Table 3.3: Australian Governor's votes on World Bank Group resolutions -- 2008-09

Resolution title Adoption date Australian Governor's vote
Direct Remuneration of Executive Directors and their Alternate 23 July 2008 Supported
2008 Regular Election of Executive Directors at the IBRD and election of Directors at the MIGA 20 July 2008 Supported
IBRD nominations for the 2008 regular election of World Bank Executive Directors 29 August 2008 Supported
Allocation of $115 million of FY08 Net Income 29 August 2009 Supported
Enhancing Voice and Participation of Developing and Transition Countries 14 January 2009 Supported
Election of term of the Executive Secretary 6 February 2009 Supported
Membership of the Republic of Kosovo 5 June 2009 Supported
Membership of the Republic of Kosovo 5 June 2009 Supported
Membership of the Republic of Kosovo 5 June 2009 Supported
MIGA Nomination for the 2008 regular election of World Bank Executive Directors 29 August 2008 Supported
Membership of the Republic of Kosovo 5 June 2009 Supported

Executive Director and constituency office

The WBG's Executiv
e Boards (IBRD, IDA, IFC and MIGA), under the authority of the Board of Governors, take decisions on day-to-day business and policy matters of the WBG.

Each Board currently consists of 24 Executive Directors, with IBRD Executive Directors automatically elected to the IDA and IFC Board. MIGA Executive Directors are elected separately, however in practice, MIGA has the same Executive Board as other arms of the WBG (currently MIGA's Board is identical to the IBRD's Board).

An Executive Director to the IRBD is appointed by each of the five member countries that have the largest number of shares in the capital stock, currently the United States, Japan, Germany, the United Kingdom and France. The remaining Executive Directors are elected to represent individual countries (for example, China and Saudi Arabia) or a constituency of countries.

Australia belongs to a constituency that includes Cambodia, Kiribati, the Republic of Korea, Marshall Islands, Federated States of Micronesia, Mongolia, New Zealand, Palau, Papua New Guinea, Samoa, the Solomon Islands and Vanuatu. As at 30 June 2009, Australia's constituency at the IBRD held 3.45 per cent of total voting power. As a result of the voice and participation package agreed in October 2008, Australia's constituency's voting power is expected to increase to 3.55 per cent.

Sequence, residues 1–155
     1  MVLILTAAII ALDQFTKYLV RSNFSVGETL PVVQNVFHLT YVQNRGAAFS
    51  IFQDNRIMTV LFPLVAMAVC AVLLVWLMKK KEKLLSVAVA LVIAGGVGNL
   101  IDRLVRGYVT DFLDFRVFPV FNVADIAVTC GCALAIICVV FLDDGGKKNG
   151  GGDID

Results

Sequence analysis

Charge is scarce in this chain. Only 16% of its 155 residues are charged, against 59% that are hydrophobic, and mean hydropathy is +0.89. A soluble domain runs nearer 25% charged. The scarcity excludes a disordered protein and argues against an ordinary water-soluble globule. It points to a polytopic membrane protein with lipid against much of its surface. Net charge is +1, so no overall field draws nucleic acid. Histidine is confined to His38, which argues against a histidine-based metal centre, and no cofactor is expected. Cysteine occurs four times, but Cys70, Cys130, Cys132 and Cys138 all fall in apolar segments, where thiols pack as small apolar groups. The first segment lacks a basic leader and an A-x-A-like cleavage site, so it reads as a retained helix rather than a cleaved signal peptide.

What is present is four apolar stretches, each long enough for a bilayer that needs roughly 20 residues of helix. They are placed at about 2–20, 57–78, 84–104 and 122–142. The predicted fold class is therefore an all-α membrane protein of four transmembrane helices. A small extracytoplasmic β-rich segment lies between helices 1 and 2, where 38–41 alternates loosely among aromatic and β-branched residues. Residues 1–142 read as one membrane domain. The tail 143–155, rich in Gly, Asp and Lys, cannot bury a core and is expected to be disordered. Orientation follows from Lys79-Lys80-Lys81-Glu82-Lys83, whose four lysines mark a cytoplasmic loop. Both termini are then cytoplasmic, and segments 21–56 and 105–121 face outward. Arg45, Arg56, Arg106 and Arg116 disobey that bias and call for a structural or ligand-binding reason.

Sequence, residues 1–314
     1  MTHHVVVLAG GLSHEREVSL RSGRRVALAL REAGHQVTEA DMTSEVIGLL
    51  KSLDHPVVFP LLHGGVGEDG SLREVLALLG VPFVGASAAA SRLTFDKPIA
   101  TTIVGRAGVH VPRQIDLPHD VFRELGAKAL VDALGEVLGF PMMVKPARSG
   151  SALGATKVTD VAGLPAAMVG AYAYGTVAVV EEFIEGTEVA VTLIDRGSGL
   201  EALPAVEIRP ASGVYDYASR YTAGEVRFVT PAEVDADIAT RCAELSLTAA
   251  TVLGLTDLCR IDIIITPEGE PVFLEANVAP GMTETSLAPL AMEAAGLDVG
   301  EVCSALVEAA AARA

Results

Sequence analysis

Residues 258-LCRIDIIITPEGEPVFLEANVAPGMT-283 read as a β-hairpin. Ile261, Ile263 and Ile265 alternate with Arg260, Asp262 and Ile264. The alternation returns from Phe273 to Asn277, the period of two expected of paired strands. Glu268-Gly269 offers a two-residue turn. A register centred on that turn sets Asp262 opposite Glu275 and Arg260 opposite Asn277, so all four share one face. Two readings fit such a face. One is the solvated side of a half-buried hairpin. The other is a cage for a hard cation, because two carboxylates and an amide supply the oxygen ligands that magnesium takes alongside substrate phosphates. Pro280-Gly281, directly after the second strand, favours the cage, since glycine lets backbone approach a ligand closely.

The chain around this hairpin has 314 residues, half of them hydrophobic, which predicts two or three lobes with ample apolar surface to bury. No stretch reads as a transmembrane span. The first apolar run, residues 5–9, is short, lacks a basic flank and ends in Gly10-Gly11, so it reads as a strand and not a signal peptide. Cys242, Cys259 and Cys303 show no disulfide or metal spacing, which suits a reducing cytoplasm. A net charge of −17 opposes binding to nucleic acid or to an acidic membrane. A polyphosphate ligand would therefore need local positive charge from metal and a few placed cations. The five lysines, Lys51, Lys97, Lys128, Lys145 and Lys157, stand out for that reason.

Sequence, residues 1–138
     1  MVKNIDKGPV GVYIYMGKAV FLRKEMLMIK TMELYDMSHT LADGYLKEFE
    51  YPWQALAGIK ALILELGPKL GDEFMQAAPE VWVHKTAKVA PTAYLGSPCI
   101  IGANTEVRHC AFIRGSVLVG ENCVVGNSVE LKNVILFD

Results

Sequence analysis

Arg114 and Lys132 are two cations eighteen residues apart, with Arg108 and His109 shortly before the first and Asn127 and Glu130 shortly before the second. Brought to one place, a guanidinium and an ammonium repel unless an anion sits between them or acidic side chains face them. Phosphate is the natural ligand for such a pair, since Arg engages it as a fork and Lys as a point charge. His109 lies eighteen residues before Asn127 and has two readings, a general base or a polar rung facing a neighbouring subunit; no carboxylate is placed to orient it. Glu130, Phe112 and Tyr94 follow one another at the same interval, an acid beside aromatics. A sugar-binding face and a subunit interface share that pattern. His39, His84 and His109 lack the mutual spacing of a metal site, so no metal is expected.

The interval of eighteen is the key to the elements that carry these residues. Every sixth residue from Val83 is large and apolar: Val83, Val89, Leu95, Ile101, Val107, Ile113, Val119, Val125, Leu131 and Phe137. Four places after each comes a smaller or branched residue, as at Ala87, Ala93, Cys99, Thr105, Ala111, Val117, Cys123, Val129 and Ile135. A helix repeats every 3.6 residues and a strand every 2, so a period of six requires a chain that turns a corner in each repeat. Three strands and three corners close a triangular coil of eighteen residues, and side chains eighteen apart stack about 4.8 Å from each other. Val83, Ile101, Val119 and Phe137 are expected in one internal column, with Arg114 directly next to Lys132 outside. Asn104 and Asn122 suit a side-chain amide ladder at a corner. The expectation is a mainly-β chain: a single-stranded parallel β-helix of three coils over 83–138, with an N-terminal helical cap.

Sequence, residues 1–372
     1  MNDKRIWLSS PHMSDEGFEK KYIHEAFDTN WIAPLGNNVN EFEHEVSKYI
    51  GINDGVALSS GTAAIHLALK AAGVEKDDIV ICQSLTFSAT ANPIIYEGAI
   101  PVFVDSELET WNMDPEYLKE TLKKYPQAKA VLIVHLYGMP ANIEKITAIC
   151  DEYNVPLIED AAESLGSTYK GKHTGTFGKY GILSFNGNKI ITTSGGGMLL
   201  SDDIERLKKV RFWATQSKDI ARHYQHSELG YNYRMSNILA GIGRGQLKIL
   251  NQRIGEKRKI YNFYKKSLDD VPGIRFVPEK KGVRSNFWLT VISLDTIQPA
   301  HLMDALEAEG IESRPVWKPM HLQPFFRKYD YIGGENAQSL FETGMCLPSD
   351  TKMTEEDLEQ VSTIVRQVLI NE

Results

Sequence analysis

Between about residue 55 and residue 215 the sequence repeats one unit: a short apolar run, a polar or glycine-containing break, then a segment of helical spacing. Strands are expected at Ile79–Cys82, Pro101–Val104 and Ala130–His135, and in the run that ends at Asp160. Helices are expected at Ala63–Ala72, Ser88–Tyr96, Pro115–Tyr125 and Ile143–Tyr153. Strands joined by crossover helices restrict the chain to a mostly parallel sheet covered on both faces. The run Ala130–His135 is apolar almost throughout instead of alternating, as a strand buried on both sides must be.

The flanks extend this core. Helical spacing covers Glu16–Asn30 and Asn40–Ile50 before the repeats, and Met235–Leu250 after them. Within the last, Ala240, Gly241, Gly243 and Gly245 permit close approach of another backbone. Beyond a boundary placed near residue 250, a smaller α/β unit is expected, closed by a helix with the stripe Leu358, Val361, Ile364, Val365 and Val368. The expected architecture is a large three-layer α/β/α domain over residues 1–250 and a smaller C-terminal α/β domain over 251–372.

By agreement between constituency members, the staffing of Australia's constituency office rotates. Dr Jim Hagan from Australia currently serves as the Executive Director (IBRD, IDA, IFC and MIGA) for Australia's constituency. Dr Hagan is serving a four year term as Executive Director, from 1 August 2007 to 31 July 2011. Prior to this, Mr Joong-Kyung Choi from the Republic of Korea held the Executive Director position for two years, ending 31 July 2007. Australia also holds an advisor position in the constituency office.

The briefing provided to the Executive Director on matters coming before the Executive Board is prepared by relevant Australian Government departments and agencies, principally Treasury and AusAID. Periodic consultations are also held with non-government organisations.

Development Committee meetings

The Spring and Annual Meetings of the Development Committee (a joint ministerial committee of the World Bank and IMF), are normally held in April and October of each year, respectively. Australia was represented at the October 2008 and April 2009 meetings by the Treasurer, the Hon Wayne Swan MP, and Mr Michael Callaghan (Executive Director, Macroeconomic Group, Treasury) respectively.


In February 2009, Treasury hosted a visit by World Bank Director East Asia Region Vikram Nehru. In 2008-09, Treasury also arranged meetings between Mr Zoellick and the Treasurer, the Hon Wayne Swan MP, in the United States (October 2008, November 2008 and April 2008) and London (March 2009). The then Prime Minister, the Hon Kevin Rudd MP, and President Zoellick met in Japan (July 2008), United States (November 2008 and March 2009) and London (April 2009).

Part 2: Key activities of the World Bank

Long-term strategic direction

In October 2007, WBG President Zoellick announced the Bank's new long-term strategic direction, of pursuing inclusive and sustainable globalisation. The strategy is based on six pillars and aims to reposition the WBG to deal with changes in the WBG's client base as a result of changing global dynamics. The pillars are: overcoming poverty in the poorest countries; better engagement with middle-income countries; addressing the special challenges of fragile and conflict affected states; actively addressing regional and global public goods (for example, climate change, HIV/AIDS); supporting development in the Arab World; and fostering a 'knowledge and learning' agenda across the WBG. Australia supports the new WBG strategy, particularly its focus on fragile states.

Voice and participation reform

Australia has been a strong supporter of reform of the World Bank to enhance its legitimacy and effectiveness as the leading global development institution, and has played a constructive role in progressing discussions on reform options in many forums, including at the Executive Board, international meetings and bilateral discussions.